Home Buyers Survey
Should we go for a Full Structural Survey, Building Survey or HomeBuyer Report on a home in UK and which is cheaper?
The Full Structural Survey has been renamed by RICS as a Building Survey, although it is essentially the same level of survey.
If the UK property is an apartment, or is 100 or more years old, or has been substantially modified, or is of non standard construction, RICS advise the cheaper Building Survey.
If you are planning to do any major works on the UK property, you should you go for a Building Survey. The Building Survey is less cheap but it will offer an in-depth analysis of the UK property's condition as well as advice on defects as well as maintenance options .
For more detailed advice get a UK Home Survey Quote via our website or call 0800 038 6667 to speak to our survey team.
What is a home survey, and what will the surveyor actually do?
There are three main types of home buyers survey, the HomeBuyer Report, the Building Survey and the Property Valuation Report. Each of these has a different focus, so buyers should consider which of the three is the right choice for them:
HomeBuyer Report - A general survey of a home, including any visible defects or issues. If the property to be surveyed is of standard construction, and was built after 1900, the Royal Institution of Chartered Surveyors (RICS) recommend that the HomeBuyer Report is usually the best choice. The report is delivered in a standardised format for easy reference. The HomeBuyer Report includes a valuation.
Building Survey - A more in-depth survey of a property, including all accessible areas of a home. RICS recommend the building survey for older properties, or those of non-standard construction. Building survey reports are tailored by the individual surveyor, and can address any additional questions or concerns. Note that this home buyers survey does not include a valuation as standard.
Property Valuation Report - The most basic of the three, this report is primarily a valuation, and will not include details of particular defects.
For more detail please see the detailed survey comparison table.
Will there be any potential pitfalls we should be wary of if planning to buy a house in UK in the vicinity of a conservation area?
There are over 9, 000 of conservation areas throughout the country, responsibility for which lies with the local authority. Your surveyor must have knowledge of relevant local area issues and any connection may have with the building and its value. The price of property is, more often than not, significantly higher because of conservation areas being unspoilt. However many of them are falling into are falling into a state of neglect for example - badly maintained and potholed roads and pavements
Surveyors can be expected to inform you if the house is or might be within a conservation area and the Section I Issues for your legal advisers of your UK Homebuyer Report will recommend suitable questions are carried out by your conveyancer. Unsympathetic developments that do not have Local Authority approval should be reported but these are really more a concern for your legal representative.
What are the problems associated with properties built on clay soil?
Surveyor Local handle more enquiries relating to subsidence than any other single factor. Subsidence typically relates to subterranean factors, such as soil types, and can creep up or sometimes even appear dramatically out of nowhere.One of the most common causes is from underlying clay soil. Although the softness of certain types of clay can be a contributory factor, the real problem is due to the contraction brought about by a local drop in the water table. This can result from protracted dry periods or even from the root system of a local tree absorbing excessive water. Some large and mature trees can drink 50, 000 litres of water a year.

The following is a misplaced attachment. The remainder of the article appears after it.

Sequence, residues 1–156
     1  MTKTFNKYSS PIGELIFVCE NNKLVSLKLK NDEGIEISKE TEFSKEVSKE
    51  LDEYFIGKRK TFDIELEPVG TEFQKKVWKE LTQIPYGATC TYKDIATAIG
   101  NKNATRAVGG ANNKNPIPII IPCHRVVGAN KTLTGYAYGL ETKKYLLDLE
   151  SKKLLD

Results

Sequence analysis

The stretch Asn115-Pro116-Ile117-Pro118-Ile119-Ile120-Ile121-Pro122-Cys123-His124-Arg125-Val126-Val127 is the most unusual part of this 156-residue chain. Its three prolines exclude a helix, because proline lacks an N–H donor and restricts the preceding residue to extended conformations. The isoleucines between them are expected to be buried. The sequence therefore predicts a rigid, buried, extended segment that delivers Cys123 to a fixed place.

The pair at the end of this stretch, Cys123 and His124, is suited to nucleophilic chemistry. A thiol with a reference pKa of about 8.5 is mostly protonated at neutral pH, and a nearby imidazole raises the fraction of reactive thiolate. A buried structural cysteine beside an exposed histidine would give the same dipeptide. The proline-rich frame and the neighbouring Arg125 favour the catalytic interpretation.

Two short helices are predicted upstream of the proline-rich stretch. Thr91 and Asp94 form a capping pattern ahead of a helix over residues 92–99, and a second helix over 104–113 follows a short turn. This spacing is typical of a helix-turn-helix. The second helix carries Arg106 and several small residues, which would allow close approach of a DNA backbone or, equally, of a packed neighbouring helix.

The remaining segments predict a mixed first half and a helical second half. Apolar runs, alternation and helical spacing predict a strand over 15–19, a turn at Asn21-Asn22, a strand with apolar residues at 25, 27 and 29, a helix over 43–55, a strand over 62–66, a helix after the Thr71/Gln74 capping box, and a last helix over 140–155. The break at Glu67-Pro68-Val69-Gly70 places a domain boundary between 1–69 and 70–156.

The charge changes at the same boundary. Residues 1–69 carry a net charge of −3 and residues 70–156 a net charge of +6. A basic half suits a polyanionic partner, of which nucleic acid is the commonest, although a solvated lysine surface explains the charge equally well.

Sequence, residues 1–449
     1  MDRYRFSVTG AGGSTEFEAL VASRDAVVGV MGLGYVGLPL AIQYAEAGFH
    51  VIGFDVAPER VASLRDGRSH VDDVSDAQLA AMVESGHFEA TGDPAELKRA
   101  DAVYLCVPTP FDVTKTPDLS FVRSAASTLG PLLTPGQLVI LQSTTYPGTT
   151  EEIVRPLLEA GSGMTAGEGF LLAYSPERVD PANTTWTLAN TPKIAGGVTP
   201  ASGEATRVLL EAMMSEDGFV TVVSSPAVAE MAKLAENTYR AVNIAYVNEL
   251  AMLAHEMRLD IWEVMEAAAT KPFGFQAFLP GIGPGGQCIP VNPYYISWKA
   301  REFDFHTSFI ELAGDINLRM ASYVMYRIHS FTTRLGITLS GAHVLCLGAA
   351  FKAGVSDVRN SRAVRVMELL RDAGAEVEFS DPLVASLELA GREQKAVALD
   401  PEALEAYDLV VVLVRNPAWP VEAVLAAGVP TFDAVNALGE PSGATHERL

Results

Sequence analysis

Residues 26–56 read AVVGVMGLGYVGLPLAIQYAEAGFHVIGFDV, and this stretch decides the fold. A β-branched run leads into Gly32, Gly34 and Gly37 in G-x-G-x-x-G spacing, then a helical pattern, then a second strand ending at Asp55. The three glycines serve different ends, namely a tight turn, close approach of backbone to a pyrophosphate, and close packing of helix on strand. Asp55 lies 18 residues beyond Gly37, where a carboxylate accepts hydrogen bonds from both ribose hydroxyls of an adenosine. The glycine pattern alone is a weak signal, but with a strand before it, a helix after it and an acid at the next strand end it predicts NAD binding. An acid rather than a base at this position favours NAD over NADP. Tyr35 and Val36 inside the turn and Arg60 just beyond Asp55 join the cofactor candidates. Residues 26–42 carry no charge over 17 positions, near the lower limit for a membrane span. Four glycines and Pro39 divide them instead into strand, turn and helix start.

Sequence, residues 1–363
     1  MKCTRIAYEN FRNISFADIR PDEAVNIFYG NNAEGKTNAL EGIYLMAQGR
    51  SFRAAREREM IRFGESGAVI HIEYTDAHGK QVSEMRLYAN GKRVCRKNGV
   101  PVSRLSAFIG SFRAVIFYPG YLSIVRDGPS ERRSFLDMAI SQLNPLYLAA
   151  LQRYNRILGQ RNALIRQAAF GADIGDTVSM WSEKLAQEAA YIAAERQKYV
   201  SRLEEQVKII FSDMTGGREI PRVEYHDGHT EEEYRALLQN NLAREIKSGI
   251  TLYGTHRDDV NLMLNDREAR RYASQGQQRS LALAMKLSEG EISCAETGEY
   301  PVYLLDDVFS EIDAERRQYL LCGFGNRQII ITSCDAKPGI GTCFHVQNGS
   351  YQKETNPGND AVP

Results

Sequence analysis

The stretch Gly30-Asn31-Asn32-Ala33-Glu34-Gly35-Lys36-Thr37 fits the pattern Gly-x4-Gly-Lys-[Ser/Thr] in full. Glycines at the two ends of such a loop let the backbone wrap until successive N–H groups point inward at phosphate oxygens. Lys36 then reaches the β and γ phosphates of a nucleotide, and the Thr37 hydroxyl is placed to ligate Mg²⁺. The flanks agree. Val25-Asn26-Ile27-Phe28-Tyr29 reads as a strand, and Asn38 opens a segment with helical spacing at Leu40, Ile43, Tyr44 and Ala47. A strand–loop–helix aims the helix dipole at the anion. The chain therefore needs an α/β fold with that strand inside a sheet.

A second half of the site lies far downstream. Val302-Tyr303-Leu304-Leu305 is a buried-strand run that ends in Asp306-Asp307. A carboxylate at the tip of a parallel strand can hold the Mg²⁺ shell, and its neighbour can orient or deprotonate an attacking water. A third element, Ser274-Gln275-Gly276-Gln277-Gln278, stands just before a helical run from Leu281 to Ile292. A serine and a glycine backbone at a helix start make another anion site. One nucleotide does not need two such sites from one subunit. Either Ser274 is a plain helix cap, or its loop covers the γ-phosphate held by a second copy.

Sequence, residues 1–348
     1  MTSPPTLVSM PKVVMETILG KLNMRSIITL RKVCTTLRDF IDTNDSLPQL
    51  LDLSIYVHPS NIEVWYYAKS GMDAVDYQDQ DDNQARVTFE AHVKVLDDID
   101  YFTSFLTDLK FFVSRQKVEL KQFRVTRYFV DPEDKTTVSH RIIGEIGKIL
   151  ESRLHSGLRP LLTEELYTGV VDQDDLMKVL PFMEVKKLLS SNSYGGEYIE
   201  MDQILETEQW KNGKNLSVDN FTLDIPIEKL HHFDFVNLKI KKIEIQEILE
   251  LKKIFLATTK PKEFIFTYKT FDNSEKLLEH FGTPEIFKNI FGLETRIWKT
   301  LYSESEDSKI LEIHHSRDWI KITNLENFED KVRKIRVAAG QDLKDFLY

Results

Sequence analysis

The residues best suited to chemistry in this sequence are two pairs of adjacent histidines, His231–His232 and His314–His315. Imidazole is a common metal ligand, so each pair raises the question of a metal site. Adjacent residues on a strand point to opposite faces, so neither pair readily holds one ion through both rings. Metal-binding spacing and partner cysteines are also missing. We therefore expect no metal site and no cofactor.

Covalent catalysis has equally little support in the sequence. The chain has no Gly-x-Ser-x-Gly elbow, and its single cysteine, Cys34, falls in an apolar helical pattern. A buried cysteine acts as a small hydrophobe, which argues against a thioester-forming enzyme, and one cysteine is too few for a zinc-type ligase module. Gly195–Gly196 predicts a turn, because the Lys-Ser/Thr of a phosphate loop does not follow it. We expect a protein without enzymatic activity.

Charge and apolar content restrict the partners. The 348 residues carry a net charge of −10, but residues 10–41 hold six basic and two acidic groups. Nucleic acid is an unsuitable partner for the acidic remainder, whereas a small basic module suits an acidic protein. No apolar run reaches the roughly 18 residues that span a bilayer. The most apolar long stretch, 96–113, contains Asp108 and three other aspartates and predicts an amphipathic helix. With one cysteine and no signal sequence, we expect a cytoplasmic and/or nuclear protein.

Controversially, recent hosepipe bans have also contributed to the drying out of soil in affected areas and subsidence claims have actually increaseed as a result. Most of the South of the UK and London especially are built on clay soil. Here different types of clay with differing water absorption properties expand and contract at different rates. This adds the further risk of one half of a building 'settling' whilst another part 'heaves'. The biggest concern is the risk that the home will need underpinning which can cost 10's of thousands of pounds. Buildings insurance will typically cover some or all of a subsidence claim, often assuming it can be established that the subsidence is ongoing. However insurance premiums will be substantially higher where there is an increaseed risk. It is critical to use a local surveyor with knowledge of local soil types. This will give the surveyor a context as the surveyor will know what to look for but won't over dramatise the situation
The surveyor will also look for indications of shallow foundations, poor drainage, proximate trees (Willow trees are the worst and have been known to affect properties up to 40 metres away!) A Homebuyer Report or building survey will also point out where a crack is perhaps evidence of historical movement but the house has subsequently stabilised. Where there is doubt, further investigation or monitoring will be advised. If you have any specific concerns please contact us before booking your survey.
How will we know what effect will rainfall have on our new home in UK?
Regular rainfall is common in UK and across the country, but the effect which rain has on buildings is rarely considered properly by home buyers. Signs that drainage are damaged include spalling masonry. These issues are, generally speaking, straightforward to remedy. If disregarded, however, the damage can be very costly and time-consuming to remedy.